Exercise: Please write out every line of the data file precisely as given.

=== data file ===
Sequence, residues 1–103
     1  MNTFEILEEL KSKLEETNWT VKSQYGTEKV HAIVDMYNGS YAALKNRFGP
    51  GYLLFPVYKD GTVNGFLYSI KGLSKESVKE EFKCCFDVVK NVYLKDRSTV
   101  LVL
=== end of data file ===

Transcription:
Sequence, residues 1–103
     1  MNTFEILEEL KSKLEETNWT VKSQYGTEKV HAIVDMYNGS YAALKNRFGP
    51  GYLLFPVYKD GTVNGFLYSI KGLSKESVKE EFKCCFDVVK NVYLKDRSTV
   101  LVL